Tuesday, February 16, 2010

The Final Score: Dallas Ready for Pacquiao-Clottey

Pacquiao-ClotteyDallas is on a roll. Racing from Mavericks town to Cowboys territory to NBA All-Star state, Dallas heads the Texas offensive like Carl Lewis on the US 4 x 100 meter relay team. The finish line, though, is far from sight. That suits Dallas just fine. It’s having too much fun turning the Lone Star State into a global sports hub.

After hosting a record-breaking NBA All-Star Week, Dallas prepares for the big fight between Manny Pacquiao and Joshua Clottey on March 13. By all indications, the Dallas area and its fans are ready to host another grand event and all-set to watch Pacquiao deliver another knockout show.

“I can’t wait to see Pacquiao in action here in Dallas," exclaimed Ronald “Popeye" Jones, former 11-year veteran for the Mavericks turned Mavericks Player Development Coach. “You see that burning fire in Pacquiao to win, to be successful. It’s the same fire that Michael Jordan had."

Perhaps that’s what drove Cowboys team owner Jerry Jones to aggressively lure Pacquiao away from the bright lights of Las Vegas and into the first-rate amenities of Cowboys Stadium. Jones really wanted to host Pacquiao versus Mayweather. Mayweather has cemented his place in boxing history. Pacquiao has done likewise while turning himself into one of the hottest commodities in professional sports.

It makes perfect sense, therefore, for Jones to unite the Michael Jordan of contemporary boxing with the Hercules of football stadiums. Jones wanted to bring boxing’s pound-for-pound king into the newest sports capital of Texas. Even former Maverick and Pacquiao fan Steve Nash was impressed with Jones’ sports cathedral. “People (who watched the NBA All-Star game) felt they were in the coolest sports bar of all-time with the biggest wide screen TV in the world."

Last week, tall buildings and posh hotels in Dallas were covered with gigantic billboards promoting the NBA All-Star game. In the coming days, however, expect Pacquiao’s intense face to replace oversized action shots of Nowitzki, Bryant, James and Garnett. And fans are eager to turn Dallas from All-Star town to Pacquiao city.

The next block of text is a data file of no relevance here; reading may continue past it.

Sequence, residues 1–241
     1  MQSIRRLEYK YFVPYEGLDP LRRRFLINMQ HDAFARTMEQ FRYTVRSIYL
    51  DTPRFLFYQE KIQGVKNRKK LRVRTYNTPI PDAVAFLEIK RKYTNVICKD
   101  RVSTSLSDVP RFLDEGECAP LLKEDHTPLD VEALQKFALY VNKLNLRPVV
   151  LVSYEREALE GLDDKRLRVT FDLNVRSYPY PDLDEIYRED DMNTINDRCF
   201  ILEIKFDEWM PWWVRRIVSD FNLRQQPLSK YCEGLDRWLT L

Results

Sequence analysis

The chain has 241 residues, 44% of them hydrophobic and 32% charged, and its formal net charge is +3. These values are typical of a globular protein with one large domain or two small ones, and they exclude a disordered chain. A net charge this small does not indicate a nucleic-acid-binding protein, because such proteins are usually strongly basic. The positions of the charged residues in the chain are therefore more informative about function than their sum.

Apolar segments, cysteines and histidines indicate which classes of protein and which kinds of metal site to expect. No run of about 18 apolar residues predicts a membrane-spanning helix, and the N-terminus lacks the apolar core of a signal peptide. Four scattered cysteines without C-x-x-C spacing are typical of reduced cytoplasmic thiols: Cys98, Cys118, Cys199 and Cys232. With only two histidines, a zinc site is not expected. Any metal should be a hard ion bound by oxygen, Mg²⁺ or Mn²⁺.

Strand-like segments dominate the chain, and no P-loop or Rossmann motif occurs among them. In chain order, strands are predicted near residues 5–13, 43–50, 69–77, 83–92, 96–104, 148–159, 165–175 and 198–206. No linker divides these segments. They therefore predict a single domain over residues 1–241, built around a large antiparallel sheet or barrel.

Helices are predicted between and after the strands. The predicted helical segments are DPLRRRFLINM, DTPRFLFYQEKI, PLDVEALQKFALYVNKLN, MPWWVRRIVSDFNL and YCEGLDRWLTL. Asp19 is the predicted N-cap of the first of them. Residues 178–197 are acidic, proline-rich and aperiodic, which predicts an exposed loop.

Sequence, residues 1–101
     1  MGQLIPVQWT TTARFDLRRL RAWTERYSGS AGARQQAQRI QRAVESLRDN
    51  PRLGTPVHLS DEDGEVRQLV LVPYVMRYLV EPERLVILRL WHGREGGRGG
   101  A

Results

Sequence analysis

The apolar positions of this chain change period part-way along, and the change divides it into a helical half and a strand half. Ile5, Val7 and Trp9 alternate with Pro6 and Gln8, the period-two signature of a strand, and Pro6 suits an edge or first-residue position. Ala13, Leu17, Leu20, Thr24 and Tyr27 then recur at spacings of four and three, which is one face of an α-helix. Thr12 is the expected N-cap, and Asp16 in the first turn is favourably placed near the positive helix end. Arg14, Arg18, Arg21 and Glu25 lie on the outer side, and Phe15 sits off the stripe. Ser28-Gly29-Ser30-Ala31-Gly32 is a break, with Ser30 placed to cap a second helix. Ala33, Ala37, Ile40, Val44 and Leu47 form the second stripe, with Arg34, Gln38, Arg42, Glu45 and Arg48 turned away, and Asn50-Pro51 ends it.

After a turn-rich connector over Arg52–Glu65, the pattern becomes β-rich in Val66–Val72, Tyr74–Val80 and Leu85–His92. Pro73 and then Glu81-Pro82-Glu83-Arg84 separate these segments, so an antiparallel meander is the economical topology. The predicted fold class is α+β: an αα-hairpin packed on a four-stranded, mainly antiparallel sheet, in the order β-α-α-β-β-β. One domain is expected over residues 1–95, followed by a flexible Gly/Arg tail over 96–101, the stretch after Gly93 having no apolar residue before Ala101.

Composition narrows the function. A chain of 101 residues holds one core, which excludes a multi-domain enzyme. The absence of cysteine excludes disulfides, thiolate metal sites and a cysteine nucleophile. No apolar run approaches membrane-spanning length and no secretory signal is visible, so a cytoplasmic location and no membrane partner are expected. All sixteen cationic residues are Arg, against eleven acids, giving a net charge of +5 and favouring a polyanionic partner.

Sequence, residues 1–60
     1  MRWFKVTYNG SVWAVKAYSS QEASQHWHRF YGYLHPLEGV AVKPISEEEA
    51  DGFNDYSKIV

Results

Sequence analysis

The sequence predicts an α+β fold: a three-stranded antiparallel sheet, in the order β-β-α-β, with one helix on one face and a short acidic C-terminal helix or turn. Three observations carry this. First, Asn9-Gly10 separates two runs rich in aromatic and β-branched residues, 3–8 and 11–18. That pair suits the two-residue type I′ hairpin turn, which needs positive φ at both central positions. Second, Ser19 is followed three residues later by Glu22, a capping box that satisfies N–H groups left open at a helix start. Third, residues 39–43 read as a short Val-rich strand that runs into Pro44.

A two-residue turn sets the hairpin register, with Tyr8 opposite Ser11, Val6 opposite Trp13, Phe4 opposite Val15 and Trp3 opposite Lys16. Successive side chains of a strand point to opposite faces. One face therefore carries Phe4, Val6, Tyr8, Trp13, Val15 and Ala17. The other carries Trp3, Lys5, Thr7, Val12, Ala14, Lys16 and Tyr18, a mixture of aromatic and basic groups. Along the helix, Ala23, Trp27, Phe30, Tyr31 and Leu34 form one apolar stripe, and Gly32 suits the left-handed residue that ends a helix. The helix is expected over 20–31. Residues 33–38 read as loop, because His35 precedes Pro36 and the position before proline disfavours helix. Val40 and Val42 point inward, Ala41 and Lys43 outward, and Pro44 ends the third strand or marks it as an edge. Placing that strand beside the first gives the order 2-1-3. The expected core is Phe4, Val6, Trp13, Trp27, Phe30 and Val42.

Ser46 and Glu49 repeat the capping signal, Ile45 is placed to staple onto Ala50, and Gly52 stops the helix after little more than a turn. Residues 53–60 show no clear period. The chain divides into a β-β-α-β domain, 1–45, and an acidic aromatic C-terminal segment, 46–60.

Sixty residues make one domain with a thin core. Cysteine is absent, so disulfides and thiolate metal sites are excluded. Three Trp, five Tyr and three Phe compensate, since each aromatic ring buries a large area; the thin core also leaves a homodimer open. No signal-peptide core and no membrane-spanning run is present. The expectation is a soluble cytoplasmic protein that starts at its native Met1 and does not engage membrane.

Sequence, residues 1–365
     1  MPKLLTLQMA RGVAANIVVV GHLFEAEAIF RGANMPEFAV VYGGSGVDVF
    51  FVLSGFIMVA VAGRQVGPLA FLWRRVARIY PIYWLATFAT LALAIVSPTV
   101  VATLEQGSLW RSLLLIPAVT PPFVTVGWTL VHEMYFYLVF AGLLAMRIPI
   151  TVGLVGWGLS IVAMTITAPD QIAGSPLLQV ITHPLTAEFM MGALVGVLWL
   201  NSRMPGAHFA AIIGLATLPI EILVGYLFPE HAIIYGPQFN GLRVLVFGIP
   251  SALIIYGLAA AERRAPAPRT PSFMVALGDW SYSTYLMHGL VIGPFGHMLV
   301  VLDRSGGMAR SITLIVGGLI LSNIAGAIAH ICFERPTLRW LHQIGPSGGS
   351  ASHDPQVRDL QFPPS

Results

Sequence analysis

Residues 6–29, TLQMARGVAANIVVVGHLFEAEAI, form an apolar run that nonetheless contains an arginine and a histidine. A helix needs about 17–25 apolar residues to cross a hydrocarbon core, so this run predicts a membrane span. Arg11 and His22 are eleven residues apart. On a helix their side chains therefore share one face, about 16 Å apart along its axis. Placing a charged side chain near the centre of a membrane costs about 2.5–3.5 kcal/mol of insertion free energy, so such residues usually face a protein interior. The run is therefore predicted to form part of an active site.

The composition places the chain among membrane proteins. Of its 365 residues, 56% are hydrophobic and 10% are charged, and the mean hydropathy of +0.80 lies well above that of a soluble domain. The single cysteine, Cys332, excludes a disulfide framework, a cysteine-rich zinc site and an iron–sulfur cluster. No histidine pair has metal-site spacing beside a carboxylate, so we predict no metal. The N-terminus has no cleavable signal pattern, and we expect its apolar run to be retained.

“I paid extra to make sure I’ll watch Pacquiao from a nicer seat," James Farias, 26, Texas-native and food server for a popular Tex-Mex restaurant in the Dallas area, said. “I just hope Pacquiao doesn’t beat Clottey too easily. After all, I’m paying to see Manny not Clottey."

There’s a Pacquiao-Clottey billboard on the freeway and excited fans on the streets. On this trip, we met Mavericks/Cowboys fans who have become Pacquiao believers. Tickets for Pacquiao-Clottey were reportedly sold out as early as three weeks ago. A ticket was said to cost anywhere from 50 USD to 700 USD. Fans still without tickets have no choice but to purchase them from third-parties.

It’s a problem basketball Hall-of-Famer Nancy Lieberman, a boxing fan since the glory days of her good friend Muhammad Ali, won’t have. She made sure she got her VIP tickets weeks ago. “Pacquiao will be fighting here in Dallas and I’ll be there for the fight."

Source: gmanews.tv

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